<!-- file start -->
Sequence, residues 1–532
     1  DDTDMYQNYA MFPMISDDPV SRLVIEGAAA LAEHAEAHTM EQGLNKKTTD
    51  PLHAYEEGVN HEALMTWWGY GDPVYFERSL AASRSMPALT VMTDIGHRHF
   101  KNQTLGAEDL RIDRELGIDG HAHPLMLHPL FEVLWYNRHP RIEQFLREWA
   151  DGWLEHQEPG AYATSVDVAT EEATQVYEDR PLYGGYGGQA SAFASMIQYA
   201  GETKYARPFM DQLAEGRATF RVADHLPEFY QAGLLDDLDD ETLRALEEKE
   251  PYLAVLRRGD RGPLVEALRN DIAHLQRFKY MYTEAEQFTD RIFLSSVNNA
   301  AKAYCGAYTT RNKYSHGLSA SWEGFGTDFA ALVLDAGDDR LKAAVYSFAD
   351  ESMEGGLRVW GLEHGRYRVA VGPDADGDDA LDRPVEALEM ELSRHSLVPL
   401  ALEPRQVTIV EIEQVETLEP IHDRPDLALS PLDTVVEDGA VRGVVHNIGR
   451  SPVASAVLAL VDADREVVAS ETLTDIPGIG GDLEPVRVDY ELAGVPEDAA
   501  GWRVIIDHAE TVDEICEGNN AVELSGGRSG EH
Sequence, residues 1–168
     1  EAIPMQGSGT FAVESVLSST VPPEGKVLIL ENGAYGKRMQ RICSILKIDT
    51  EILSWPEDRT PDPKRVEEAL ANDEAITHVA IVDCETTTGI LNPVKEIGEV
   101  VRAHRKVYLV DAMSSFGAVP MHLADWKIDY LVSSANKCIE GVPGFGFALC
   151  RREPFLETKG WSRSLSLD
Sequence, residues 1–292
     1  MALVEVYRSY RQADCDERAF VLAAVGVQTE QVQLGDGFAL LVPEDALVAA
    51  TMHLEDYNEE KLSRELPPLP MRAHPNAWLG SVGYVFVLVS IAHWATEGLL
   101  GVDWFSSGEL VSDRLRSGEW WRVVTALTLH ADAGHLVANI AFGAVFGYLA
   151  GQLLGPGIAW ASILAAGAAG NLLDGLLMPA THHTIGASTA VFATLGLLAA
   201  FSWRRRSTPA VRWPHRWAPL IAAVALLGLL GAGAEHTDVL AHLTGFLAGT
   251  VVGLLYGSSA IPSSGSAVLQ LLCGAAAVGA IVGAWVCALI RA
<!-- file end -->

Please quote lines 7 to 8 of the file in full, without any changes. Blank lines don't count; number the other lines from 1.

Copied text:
   251  PYLAVLRRGD RGPLVEALRN DIAHLQRFKY MYTEAEQFTD RIFLSSVNNA
   301  AKAYCGAYTT RNKYSHGLSA SWEGFGTDFA ALVLDAGDDR LKAAVYSFAD